The uncertainty over negotiations
for Brexit has caught up with
the City letting market and the
current quarter is likely to
produce very poor results.
That is the prediction of John
Ostroumoff, of Ostroumoff who is
pleading for the major players in the
market to come together and form a
committee devoted to arguing the
City’s case at a time when occupiers
have to face increases in business
rates in April. “We have no idea
where we are and this uncertainty is
causing real damage to confidence”,
he said. “The City needs to have a
powerful voice in arguing its case at
a time where there is not only the
problem of Brexit, but the whole
future of the European Union”.
Like other parts of London,
Midtown is constantly changing
and is increasingly becoming a
melting pot for businesses.
That is the view of Farebrother,
whose Julian Hind added that: “while
the area has long been associated
with legal and other professional
services, that stereotype is increasingly
a thing of the past”. Farebrother
highlighted the arrival of Publicis to 40
Chancery Lane as being emblematic of
how Midtown identity is changing.
In the past it would hve been highly
unlikely for such a large marketing
and communications company to opt
for the area. Hind said: “Clearly,
Crossrail will be transformational but
it is also about the quality of the
environment in Midtown. Recent
new developments have brought
better amenities to the location”.
Just how far London changes shape
in the next decade as new areas
expand their commercial appeal
will be one of the fascinating
events of the UK economy.
The business district of the
South Bank spreads east and
west; Kings Cross and that part
of north London deepens its
commercial area and Docklands
performs and links more effectively
Given the importance of the HS2
rail line it could be expected that
Euston would be on the list for
development starting with tenders
to rebuild the railway station.
What is emerging at nearby
Kings Cross is a fast growing tech
hub with Camden Council getting
in on the action by hosting a tech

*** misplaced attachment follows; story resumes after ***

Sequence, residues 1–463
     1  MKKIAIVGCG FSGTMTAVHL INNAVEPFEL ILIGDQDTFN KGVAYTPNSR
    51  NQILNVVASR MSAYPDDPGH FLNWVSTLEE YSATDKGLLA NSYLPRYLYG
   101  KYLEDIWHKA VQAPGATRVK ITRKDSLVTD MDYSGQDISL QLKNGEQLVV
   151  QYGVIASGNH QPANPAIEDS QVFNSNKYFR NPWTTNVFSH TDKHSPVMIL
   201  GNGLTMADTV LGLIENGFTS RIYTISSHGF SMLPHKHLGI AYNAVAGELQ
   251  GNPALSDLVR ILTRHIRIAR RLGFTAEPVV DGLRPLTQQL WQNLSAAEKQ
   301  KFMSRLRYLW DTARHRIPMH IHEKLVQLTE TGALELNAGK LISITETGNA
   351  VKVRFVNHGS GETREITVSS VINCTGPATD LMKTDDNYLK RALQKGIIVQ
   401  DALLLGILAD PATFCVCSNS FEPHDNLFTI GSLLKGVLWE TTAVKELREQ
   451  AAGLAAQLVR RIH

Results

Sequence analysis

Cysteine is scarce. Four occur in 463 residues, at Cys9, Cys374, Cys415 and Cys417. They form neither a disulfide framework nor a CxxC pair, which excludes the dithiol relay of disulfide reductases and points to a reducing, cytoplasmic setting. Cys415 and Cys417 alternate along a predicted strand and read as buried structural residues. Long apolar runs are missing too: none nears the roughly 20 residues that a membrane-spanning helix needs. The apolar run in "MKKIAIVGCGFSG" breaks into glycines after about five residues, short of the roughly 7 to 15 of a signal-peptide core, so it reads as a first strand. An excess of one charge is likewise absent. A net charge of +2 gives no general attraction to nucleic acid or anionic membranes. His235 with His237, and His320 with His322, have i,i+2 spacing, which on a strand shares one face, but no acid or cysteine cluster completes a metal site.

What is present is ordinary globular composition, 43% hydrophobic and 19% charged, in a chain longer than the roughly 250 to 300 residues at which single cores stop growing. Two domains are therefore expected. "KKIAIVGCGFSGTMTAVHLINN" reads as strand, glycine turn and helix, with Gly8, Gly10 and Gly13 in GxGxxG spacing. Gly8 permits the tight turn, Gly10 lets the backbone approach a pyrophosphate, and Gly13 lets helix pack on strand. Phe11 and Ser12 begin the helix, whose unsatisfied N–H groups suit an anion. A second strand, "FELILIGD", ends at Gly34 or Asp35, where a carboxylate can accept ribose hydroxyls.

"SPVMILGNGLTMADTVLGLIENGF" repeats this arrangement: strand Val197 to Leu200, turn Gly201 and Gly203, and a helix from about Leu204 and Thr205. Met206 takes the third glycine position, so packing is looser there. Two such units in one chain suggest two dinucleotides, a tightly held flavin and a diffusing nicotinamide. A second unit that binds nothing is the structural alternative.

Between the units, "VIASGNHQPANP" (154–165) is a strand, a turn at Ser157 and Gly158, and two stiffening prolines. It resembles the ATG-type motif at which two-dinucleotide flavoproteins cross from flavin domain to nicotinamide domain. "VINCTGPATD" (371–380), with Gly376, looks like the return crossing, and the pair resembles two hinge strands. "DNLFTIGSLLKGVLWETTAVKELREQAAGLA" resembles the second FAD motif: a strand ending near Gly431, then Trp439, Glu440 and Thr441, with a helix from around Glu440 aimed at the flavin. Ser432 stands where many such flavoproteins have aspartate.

hub in its town hall as part of the
refurbishment of the building.
Even more significant is that
Stanhope and Mitsui Fudosen have
been selected by the British Library
to develop an adjacent 8 acre site
for a new science hub in St Pancras.
The site is capable of up to
65,030 sq.metres (700,000sq.ft.
part of which will be for the new
Alan Turing Institute for computer
research together with extra space
for the British Library.
What makes this so special is
that Google is to develop a
60,385 sq.metres (650,000sq.ft.
ten storey building to house
7,000 employees on its campus at
Google’s Sundar Pichal said:
“Here in the UK it is clear to me that
computer science has a great future
with the talent, educational
institutions and passion for
innovation we see all around us”.
East London is also pushing the
technology focus with THECUBE, a
post incubator scientific facility for
SMEs opening in the londoneast-uk
Business & Technical Park in
Dagenham on the former site of
Sanofi’s pharmaceutical plant.
Chinese investors are attracted
to east London and a Sino-Australian
company is in the running to
develop a 557,400 sq.metres
) trade park for the
25 acre Albert Island site close to
the vast development at Royal
Albert Dock by joint venture
SITIC & ABP.
Underlining its commitment to
east London, Workspace is to
redevelop Stratford Village in a
mixed use scheme with 101
residential units and offices. In
Hackney, Workspace has planning
permission for the development
of Mare Street Studios in a scheme
with 3,530 sq.metres (38,000sq.ft
of offices and light industrial.
Commercial Property Register
February - May 2017www.compropregister.com
The balanced performance of so many
different parts of London has been
impressive for a number of years.
But is the party coming to an end
on the rock of the Brexit situation?
If the predictions of John Ostroumoff
prove to be correct, then many complacent
politicians and the business world are in for
a real shock. It will underline his case for a
powerful push by the Square Mile led by the City of London to make
the government heed the potential damage that is happening.
The damage this will cause to confidence is enormous and play
straight into the hands of major cities like Paris and Frankfurt waiting
to gobble up the City’s business. On the other hand, Europe has its
considerable uncertainties to come in the form of elections in France,
Germany and the Netherlands.
Even so, London has so much going for it at the moment through
expanding technology companies in so many locations and the forward
looking creation of tech hubs, such as the one adjacent to the British
Library. In addition there are the major transport improvements ot
Crossrail, Thameslink and new tube and main line trains.
However it is hard to see how any force can push back the problems
of negotiations over Brexit and the volatility that will bring in a
minimum of the two year period. So we do need an independent voice
for London talking above the machinations of the politicians.